I decided to let go of the idea that she would be exclusively breastfed. My husband agreed to take the first nighttime feeding and give her a bottle. This ensured I could get 5 or 6 hours of sleep instead of the 1-2 hours at a time of was getting. Sleep helped so much. I felt like my body was able to make more milk. I decreased the pumping time. I nursed her first, then supplemented with her “guaranteed calories” and only pumped when I felt like I needed it. Even at my peak of pumping, I was only getting around an ounce or a little more.

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One of my first pumping sessions. This is after 20 minutes of pumping. 

I wish I could tell you that was the end of our milky road. However, I got a nasty stomach bug when she was around 5 weeks old. It was terrible. The worst part was limiting my contact with the baby since I was contagious. I was too weak to pump. My supply dropped again. On top of that, she stopped latching well. She would nurse a little, break off, and cry. The bottle was a lot easier for her. Cue more tears.

I was also very hesitant to talk about it. I admit it, I did not want the judgement. I knew most people would not say mean things to my face. It would come in the form of well-intended, unsought after advice. Advice laced with a passive-aggressive agenda.

It seems I have spent her entire lift continually contemplating the breast vs formula decision. At the end of the day, the driving force for wanting to breastfeed was a little selfish. Nursing was our bonding time. In the first few weeks, there was a steady stream of family and friends who wanted to hold her. There were days when I only held her when I was feeding her. It was a great excuse to politely snatch her away and go snuggle somewhere quiet. Even after the visitors calmed down, it was still our time. Sometimes she would wrap her little arms around me and look up at me and straight into my heart. Sometimes she would wiggle her nose when she was eating hungrily, and it was more adorable than a thousand baby kittens. I can’t explain in words the feeling that nursing my baby creates. The scientist in me wants to cite hormone production, but whatever. It is a precious moment that you have to experience to fully understand. How could I give that up?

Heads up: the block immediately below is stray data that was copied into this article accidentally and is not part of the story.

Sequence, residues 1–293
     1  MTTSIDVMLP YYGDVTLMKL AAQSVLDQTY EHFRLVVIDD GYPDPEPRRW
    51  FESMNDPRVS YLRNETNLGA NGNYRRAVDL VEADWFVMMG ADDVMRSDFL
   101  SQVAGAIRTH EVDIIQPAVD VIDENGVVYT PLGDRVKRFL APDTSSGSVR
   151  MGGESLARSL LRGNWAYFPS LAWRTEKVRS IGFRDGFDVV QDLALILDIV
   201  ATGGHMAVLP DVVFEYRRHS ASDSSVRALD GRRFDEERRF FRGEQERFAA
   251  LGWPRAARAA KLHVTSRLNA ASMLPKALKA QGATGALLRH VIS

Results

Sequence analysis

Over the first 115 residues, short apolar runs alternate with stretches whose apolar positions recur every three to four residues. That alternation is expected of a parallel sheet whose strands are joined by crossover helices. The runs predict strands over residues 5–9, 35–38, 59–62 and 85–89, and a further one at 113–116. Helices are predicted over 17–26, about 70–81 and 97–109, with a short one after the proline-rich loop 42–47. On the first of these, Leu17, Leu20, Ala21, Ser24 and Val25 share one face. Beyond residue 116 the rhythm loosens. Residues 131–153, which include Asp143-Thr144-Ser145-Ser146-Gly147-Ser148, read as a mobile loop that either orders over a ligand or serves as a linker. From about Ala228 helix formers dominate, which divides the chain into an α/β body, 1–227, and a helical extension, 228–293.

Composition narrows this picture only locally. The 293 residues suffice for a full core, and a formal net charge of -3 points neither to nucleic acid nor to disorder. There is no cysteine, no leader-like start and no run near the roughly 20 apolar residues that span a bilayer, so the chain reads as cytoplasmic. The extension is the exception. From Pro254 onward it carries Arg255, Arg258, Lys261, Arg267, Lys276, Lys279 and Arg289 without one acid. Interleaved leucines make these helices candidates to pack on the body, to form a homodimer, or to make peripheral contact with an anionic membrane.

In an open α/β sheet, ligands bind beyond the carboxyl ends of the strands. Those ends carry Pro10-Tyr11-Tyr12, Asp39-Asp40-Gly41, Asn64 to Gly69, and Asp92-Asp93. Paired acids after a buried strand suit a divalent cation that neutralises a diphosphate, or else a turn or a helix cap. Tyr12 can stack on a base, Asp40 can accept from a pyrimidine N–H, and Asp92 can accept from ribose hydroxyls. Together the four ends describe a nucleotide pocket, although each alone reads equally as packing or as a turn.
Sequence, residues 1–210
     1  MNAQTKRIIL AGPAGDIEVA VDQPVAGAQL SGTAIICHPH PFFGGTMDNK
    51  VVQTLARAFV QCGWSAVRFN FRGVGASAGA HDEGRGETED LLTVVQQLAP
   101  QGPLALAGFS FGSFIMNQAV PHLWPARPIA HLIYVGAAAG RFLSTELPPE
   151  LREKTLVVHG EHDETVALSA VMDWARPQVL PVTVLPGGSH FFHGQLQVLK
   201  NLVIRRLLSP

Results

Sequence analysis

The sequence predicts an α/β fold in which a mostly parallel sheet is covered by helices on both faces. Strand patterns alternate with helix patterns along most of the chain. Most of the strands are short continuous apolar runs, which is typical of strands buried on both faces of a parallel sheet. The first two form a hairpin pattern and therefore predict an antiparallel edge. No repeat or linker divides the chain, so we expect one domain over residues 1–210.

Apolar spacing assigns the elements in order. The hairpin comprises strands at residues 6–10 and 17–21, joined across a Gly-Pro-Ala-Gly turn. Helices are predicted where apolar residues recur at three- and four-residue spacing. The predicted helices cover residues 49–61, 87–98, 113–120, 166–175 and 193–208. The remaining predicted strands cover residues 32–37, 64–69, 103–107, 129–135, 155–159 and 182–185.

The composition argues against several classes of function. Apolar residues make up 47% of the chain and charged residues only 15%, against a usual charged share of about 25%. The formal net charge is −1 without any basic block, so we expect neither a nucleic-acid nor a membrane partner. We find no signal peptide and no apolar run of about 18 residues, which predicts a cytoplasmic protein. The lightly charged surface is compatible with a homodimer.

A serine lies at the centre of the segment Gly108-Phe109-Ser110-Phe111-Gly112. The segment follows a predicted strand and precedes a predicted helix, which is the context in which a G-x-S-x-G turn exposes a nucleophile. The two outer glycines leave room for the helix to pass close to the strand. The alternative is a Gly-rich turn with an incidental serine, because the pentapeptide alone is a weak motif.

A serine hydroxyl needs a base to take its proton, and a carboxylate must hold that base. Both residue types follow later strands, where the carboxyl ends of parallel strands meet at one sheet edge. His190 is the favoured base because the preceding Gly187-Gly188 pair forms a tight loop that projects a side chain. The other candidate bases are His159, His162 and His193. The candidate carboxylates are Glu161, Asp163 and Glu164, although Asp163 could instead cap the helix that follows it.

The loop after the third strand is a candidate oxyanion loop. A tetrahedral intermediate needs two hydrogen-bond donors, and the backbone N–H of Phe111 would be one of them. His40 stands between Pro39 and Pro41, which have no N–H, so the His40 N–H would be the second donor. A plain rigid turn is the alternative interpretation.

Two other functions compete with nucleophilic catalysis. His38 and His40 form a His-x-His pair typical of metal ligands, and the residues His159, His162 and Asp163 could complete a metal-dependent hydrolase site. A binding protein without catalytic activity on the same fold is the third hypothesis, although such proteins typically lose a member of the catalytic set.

I started very early teaching her the word “mama.” Every time I said “mama,” I would show her the sign also (you touch your thumb to your chin with an open hand). One day when she was about 6 weeks old, she looked up at me with her big, beautiful eyes and very intentionally stretched out her little hand and touched my chin. Mama. My heart melted. It was adorable and precious, but it also reminded me that we still share a bond that is not food-based.

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Sweet, milk drunk baby… can you tell if it’s breast milk or formula? 

I also recognized that I didn’t give my friends the credit they deserve. I was so worried about being judged, I didn’t give them the chance to rise the occasion. It turns out, all moms struggle. All moms struggle because all moms are human and humans struggle. My friends understood. Some of them were also struggling with their feedings. Others had their own rocky road to travel. Instead of the judge-y comments, I got sympathetic looks and reassuring smiles.

The feeding debate continues in my head every day. Like most moms, I constantly wonder if I’m making the right decisions at the right time. Some days she practically crawls down my shirt. Other days, she acts offended that I offered her breast milk. Ultimately, I know my baby is cared for and loved. And that’s really what matters.

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Happy. Healthy. Loved.